In this week's print edition of The Meaford Independent we are kicking off a seven-part series of articles called 'Coffee With a Councillor' (yes, it's true, our print paper often includes special features that do not appear online – support local media and buy a paper, dang it), and I am hoping that our readers get as much out of the articles as I did from doing the interviews and writing them.
The goal of the series is to introduce readers to who our councillors are outside the council chamber. It can be easy to forget that our elected representatives are regular people just like the rest of us. They have their successes and failures, they have their fears and insecurities, and they experience ups and downs just like you and me. But who are they?
When we are angry or frustrated with elected officials we can quickly turn on them, which is part of how a democracy works. But in our modern society, where 'shame tweets' or social media character assassinations have become the norm, it can be easy to forget that even those with whom we strongly disagree are humans and they should be treated as such.
To put this series together I sat down with each member of council one on one over a two-month period. I met the councillors at a coffee shop of their choosing, where I conducted the interviews.
Without giving too much away from the series of articles themselves, one thing has stuck with me since I wrapped up the final interview a couple of weeks ago – some of the members of council that I found I liked best on a personal level are also the members of council with whom I have the strongest disagreements on issues. I think that is important to know, but perhaps more importantly, by sitting down one on one, and having a chat for an hour or two, I was able to gain a better understanding of why councillors think the way they do, particularly if they think differently than I do.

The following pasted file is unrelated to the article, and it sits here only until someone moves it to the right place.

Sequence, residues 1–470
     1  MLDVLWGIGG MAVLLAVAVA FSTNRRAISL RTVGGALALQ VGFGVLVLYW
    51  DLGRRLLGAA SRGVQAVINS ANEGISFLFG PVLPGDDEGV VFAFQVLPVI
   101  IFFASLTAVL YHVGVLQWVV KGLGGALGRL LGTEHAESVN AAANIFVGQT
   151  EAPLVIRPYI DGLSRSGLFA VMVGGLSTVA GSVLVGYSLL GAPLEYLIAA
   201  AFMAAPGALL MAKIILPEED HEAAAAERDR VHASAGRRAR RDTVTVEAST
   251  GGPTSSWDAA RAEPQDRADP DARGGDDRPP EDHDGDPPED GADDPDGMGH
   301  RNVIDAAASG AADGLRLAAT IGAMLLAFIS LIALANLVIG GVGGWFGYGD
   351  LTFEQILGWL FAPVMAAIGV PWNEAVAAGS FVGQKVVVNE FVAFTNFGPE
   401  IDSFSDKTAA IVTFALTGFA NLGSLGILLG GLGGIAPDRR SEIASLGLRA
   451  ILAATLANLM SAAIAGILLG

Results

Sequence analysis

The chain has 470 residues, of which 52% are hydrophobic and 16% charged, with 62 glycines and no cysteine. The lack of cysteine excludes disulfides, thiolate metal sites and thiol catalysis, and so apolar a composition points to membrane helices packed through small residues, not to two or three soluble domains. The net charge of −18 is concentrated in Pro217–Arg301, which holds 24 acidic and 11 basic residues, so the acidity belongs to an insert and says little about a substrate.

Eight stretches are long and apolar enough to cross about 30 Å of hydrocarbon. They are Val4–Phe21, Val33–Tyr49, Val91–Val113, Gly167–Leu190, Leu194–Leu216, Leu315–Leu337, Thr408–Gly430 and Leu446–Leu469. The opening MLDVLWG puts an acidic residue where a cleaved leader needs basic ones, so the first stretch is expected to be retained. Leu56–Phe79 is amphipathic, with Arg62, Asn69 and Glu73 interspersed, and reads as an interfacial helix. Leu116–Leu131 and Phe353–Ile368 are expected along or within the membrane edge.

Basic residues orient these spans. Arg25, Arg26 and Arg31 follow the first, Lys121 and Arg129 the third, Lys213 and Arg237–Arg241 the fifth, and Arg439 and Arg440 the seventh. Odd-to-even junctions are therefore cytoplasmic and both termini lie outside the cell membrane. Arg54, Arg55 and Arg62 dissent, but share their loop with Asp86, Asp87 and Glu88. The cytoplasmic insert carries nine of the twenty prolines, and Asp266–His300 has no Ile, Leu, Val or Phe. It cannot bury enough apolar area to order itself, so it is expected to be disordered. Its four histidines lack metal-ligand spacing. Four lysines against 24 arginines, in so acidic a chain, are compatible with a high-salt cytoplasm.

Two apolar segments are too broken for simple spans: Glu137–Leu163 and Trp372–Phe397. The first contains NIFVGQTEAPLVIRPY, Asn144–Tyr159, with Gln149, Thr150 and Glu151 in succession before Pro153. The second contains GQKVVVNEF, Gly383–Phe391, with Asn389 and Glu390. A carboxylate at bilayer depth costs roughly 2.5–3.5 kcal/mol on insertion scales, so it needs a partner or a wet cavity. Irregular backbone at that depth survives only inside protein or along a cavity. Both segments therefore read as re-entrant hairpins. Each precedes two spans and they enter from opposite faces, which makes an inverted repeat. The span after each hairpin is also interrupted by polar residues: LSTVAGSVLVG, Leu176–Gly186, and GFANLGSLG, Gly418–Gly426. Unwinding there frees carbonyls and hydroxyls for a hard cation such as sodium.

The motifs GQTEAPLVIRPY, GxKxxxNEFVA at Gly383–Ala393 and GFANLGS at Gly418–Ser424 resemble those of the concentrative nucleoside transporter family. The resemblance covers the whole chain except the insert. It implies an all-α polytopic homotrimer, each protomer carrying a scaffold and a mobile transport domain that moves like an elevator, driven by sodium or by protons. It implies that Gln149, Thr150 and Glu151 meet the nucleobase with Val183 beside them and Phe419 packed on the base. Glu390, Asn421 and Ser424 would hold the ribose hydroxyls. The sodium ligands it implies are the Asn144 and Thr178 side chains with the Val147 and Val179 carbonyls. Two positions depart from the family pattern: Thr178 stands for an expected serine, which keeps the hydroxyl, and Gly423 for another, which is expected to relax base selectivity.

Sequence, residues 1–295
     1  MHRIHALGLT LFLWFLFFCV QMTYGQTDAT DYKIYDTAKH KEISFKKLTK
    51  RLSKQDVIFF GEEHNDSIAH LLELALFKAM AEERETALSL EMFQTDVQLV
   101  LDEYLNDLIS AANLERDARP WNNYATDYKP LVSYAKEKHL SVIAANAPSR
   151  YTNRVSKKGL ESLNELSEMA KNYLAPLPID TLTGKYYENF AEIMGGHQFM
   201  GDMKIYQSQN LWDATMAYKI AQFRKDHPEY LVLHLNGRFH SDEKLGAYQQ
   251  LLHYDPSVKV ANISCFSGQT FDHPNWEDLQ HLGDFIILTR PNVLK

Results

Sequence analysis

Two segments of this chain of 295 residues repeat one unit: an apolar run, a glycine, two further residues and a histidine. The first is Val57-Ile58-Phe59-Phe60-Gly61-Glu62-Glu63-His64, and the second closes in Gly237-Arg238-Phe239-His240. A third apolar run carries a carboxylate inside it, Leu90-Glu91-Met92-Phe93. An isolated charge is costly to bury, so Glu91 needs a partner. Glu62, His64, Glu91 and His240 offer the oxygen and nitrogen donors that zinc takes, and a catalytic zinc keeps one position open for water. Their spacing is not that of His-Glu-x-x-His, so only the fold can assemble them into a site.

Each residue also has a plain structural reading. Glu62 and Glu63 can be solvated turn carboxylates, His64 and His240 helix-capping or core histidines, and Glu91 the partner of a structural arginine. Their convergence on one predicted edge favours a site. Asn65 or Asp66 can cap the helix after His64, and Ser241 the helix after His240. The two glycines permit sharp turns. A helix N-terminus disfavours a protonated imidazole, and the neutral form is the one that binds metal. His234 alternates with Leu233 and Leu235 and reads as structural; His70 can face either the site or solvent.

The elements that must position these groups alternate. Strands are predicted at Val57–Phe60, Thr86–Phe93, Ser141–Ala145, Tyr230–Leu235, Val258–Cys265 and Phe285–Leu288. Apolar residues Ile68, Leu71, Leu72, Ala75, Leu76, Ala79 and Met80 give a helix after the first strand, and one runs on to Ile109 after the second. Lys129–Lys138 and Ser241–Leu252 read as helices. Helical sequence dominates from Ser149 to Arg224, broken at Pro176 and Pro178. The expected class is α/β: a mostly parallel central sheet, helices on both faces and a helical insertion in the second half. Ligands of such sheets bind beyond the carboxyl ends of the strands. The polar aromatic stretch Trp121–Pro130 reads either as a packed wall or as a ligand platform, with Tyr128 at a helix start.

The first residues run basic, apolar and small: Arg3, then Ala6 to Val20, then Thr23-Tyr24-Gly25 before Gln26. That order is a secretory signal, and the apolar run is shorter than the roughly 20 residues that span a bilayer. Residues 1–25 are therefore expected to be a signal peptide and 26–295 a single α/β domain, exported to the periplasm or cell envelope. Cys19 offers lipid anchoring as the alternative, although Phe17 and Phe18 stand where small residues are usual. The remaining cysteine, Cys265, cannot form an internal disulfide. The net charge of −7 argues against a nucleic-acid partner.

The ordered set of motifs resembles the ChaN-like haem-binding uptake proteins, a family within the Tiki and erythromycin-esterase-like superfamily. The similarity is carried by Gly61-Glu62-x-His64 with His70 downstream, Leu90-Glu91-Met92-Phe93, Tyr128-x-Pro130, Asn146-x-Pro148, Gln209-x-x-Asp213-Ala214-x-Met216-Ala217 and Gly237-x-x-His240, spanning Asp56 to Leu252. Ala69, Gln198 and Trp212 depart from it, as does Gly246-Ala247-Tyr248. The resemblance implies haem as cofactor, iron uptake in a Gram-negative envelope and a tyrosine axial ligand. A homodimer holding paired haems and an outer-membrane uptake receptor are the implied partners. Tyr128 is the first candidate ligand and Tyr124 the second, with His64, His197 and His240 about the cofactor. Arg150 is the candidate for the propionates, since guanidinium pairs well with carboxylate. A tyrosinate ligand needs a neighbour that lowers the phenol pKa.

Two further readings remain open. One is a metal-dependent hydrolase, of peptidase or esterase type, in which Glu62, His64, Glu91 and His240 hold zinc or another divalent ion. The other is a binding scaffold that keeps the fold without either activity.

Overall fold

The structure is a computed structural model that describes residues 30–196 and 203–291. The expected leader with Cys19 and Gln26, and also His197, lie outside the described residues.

Don't get me wrong, understanding why someone thinks one way or another doesn't mean having to accept their views; it simply means you've taken the time to try to understand where they are coming from, and as a result you can have a better formed opinion of your own because you are able to tap into someone else's thinking and broaden your overall understanding of an issue.
On the whole I learned that the seven people we Meafordites have elected to represent us at council are hard-working family folks who have some deep convictions, but more importantly a deep love for this municipality. And while we all express ourselves in different ways, and we all have our own special approach to problems and issues, I think the collection of seven councillors represent Meaford's broad spectrum fairly well.
Another thing I learned, or rather confirmed, is that we pay our councillors very little, considering the workload we hand them. Most members of council told me that their council duties take up roughly 20 hours per week, sometimes more, yet we pay them just a shade over $20,000 per year – so much for the 'overpaid politician' comments that we often hear, particularly at municipal election time from folks who just don't realize that a seat on council doesn't come with a hefty paycheque, as might be seen at other levels of government.
I hope you'll pick up our print paper to read this series, which kicks off with Councillor Steve Bartley this week, and I hope our readers can gain a better understanding of who our members of council are and what they are about. I still strongly disagree with the members of council with whom I traditionally disagree, but I have a much better picture of how our members of council form their opinions simply by getting to know them a little better.